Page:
# Current positions to be updated later for each window in nwindows
leftx_current = leftx_base
rightx_current = rightx_base

# Create empty lists to receive left and right lane pixel indices
left_lane_inds = []
right_lane_inds = []

Iterate through nwindows to track curvature

Now that we’ve set up what the windows look like and have a starting point, we’ll want to loop for nwindows, with the given window sliding left or right if it finds the mean position of activated pixels within the window to have shifted.

You’ll implement this part in the quiz below, but here’s a few steps to get you started:

  1. Loop through each window in nwindows
  2. Find the boundaries of our current window. This is based on a combination of the current window’s starting point (leftx_current and rightx_current), as well as the margin you set in the hyperparameters.
  3. Use cv2.rectangle to draw these window boundaries onto our visualization image out_img. This is required for the quiz, but you can skip this step in practice if you don’t need to visualize where the windows are.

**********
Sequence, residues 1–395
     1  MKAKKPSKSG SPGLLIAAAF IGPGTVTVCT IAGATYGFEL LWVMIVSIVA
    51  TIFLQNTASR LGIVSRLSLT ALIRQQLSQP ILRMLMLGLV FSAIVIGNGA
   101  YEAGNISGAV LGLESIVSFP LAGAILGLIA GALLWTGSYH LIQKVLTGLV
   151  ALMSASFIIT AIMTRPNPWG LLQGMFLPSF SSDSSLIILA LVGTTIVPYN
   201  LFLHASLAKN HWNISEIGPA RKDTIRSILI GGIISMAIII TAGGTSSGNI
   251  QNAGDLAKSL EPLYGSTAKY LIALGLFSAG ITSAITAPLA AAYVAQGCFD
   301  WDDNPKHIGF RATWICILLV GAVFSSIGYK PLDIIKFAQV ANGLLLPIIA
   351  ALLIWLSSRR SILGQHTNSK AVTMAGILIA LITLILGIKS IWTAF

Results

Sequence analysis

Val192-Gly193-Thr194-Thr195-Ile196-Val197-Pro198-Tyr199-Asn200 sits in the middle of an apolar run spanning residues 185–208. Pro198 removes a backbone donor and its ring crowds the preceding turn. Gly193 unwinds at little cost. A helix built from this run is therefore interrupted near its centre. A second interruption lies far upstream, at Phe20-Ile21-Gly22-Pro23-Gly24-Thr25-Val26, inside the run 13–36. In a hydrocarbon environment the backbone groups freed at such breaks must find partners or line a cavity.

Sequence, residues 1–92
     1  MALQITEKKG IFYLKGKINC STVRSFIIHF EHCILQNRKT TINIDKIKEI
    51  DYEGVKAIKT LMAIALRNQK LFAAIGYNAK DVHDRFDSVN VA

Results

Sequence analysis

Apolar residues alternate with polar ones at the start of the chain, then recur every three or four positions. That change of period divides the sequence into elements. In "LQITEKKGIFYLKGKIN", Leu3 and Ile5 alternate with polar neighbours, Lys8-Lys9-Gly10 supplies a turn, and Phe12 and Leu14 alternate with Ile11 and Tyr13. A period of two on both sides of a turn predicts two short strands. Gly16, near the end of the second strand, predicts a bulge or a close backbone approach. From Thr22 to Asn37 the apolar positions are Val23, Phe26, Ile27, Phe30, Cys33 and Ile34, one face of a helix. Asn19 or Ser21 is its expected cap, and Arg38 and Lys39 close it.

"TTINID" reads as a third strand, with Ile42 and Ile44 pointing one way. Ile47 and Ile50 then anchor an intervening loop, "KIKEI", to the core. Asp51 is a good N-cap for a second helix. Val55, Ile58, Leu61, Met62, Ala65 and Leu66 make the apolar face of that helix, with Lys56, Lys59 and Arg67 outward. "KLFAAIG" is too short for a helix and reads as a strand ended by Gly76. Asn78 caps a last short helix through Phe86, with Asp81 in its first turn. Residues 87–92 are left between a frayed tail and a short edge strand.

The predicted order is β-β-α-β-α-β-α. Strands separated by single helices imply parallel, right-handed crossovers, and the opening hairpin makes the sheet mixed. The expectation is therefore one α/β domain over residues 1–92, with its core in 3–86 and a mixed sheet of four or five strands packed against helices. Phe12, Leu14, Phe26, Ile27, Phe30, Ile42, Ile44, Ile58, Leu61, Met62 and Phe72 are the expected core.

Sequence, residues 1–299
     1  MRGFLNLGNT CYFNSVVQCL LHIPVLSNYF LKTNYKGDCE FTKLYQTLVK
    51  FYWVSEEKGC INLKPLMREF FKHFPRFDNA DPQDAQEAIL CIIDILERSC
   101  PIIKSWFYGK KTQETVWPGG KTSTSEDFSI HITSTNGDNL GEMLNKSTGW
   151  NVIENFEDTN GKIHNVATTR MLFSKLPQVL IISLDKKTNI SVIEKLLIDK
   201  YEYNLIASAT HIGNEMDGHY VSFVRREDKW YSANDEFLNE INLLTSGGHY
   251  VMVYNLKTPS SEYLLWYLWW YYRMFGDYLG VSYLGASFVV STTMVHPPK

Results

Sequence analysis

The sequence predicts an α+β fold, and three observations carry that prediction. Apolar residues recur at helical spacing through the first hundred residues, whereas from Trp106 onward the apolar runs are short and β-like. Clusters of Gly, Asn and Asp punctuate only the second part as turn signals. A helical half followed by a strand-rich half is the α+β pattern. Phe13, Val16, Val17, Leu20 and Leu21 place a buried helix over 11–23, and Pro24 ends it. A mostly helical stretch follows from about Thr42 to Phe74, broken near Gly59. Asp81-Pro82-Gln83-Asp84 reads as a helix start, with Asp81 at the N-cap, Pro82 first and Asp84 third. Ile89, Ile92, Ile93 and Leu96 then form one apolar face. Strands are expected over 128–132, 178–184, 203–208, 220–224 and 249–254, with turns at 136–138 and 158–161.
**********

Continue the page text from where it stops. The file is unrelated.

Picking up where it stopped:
4. Now that we know the boundaries of our window, find out which activated pixels from nonzeroy and nonzerox above actually fall into the window.
  5. Append these to our lists left_lane_inds and right_lane_inds.
  6. If the number of pixels you found in Step 4 are greater than your hyperparameter minpix, re-center our window (i.e. leftx_current or rightx_current) based on the mean position of these pixels.

Fit a polynomial

Now that we have found all our pixels belonging to each line through the sliding window method, it’s time to fit a polynomial to the line. First, we have a couple small steps to ready our pixels.

# Concatenate the arrays of indices (previously was a list of lists of pixels)
left_lane_inds = np.concatenate(left_lane_inds)
right_lane_inds = np.concatenate(right_lane_inds)

# Extract left and right line pixel positions
leftx = nonzerox[left_lane_inds]
lefty = nonzeroy[left_lane_inds] 
rightx = nonzerox[right_lane_inds]